And thin ounly to percave the cuteness of the swate angel, for no sooner did she obsarve that I was afther the squazing of her flipper, than [[thin]] she up wid it in a jiffy, and put it away behind her back, jist as much as to say — “Now thin, Sir Pathrick O’Grandison, there's a bitther chance for ye, mavourneen, for its [[it's]] not althegither the gentaal thing to be afther the squazing of my flipper right full in the sight of that little furrenner Frinchman, Mounseer Maiter-di-dauns.”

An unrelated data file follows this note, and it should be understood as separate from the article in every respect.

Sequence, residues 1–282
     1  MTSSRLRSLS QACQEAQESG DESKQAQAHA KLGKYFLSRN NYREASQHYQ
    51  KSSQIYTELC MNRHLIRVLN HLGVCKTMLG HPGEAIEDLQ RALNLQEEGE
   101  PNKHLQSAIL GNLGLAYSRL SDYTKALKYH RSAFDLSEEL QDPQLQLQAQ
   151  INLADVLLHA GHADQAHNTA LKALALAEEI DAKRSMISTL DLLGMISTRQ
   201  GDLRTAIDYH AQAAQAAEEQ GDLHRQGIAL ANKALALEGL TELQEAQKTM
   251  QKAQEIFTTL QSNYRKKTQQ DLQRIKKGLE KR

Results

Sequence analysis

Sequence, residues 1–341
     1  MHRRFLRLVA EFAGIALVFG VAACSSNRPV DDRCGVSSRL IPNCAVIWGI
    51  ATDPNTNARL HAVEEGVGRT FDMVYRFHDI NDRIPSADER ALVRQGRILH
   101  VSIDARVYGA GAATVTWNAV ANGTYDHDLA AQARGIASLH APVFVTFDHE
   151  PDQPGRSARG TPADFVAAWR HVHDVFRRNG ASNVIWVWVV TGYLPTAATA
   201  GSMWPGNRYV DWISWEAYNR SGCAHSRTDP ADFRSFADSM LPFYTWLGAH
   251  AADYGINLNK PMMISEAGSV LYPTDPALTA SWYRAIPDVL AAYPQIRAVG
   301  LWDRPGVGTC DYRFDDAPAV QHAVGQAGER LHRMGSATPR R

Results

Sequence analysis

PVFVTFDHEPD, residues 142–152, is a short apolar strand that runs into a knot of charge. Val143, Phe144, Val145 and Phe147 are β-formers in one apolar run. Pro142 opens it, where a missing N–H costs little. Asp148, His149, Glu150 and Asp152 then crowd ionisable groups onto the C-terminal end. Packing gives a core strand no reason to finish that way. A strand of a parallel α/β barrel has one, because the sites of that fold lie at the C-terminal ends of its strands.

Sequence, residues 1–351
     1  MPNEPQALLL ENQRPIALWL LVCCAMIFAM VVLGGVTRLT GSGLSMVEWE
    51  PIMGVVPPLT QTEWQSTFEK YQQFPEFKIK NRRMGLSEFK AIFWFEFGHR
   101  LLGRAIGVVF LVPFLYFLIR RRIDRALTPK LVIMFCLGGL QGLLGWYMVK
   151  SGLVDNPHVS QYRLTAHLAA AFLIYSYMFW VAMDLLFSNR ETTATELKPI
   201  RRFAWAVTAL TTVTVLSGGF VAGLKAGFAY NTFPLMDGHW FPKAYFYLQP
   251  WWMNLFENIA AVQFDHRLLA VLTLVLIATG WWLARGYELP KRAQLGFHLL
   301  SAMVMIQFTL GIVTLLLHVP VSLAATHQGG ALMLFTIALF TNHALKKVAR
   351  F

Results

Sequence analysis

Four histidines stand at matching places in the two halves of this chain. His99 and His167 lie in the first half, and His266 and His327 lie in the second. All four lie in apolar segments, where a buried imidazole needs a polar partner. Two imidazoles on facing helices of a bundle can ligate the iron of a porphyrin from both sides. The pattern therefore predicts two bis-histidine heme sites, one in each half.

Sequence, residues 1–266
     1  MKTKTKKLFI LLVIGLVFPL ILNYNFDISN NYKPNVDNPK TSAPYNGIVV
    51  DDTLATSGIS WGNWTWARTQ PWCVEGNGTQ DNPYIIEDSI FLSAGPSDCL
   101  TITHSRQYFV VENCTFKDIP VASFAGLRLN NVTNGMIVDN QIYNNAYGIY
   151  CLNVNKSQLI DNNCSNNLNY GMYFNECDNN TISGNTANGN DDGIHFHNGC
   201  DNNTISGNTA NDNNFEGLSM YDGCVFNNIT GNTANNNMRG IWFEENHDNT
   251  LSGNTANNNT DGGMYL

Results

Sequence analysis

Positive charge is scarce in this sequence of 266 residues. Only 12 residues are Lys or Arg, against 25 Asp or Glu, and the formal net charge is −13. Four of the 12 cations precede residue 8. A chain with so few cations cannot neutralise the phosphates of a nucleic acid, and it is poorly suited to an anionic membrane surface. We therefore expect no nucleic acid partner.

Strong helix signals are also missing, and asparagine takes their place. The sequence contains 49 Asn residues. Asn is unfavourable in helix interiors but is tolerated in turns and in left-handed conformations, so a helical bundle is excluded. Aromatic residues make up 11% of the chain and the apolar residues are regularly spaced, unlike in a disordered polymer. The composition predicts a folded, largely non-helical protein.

Wid that I giv’d her a big wink jist to say — “lit Sir Pathrick alone for the likes o’ them thricks” — and thin I wint aisy to work, and you’d have died wid the divarsion to behould how cliverly I slipped my right arm betwane the back o’ the sofy, and the back of her leddyship, and there, sure enough, I found a swate little flipper all a waiting to say — “the tip o’ the mornin to ye, Sir Pathrick O’Grandison, Barronit [[Barronitt]].” And wasn’t it meself, sure, that jist giv’d the laste little bit of a squaze in the world, all in the way of a commincement, and not to be too rough wid her leddyship? and och, botheration, wasn’t it the gentaalest and delikittest [[dillikitttest]] of all the little squazes that I got in return? “Blood and thunder, Sir Pathrick, mavourneen” thinks I to meself, “faith it's jist the mother's son of you, and nobody else at all at all, that's the handsommest and the fortunittest [page 189:] young bogthrotter that ever cum’d out of Connaught!” And wid that I giv’d the flipper a big squaze — and a big squaze it was, by the powers, that her leddyship giv’d to me back. But it wud ha split the seven sides of you wid the laffin to behould, jist thin all at once, the concated behaviour of Mounseer Maiter-di-dauns. The likes o’ sich a jabbering, and a smirking, and a parly-wouing as he begin’d wid her leddyship, niver was known before upon arth; and divil may burn me if it wasn’t my own very two peepers that cotch’d him tipping her the wink out of one eye. Och hon! if it wasn’t meself thin that was as mad as a Kilkenny cat I shud like to be tould who it was!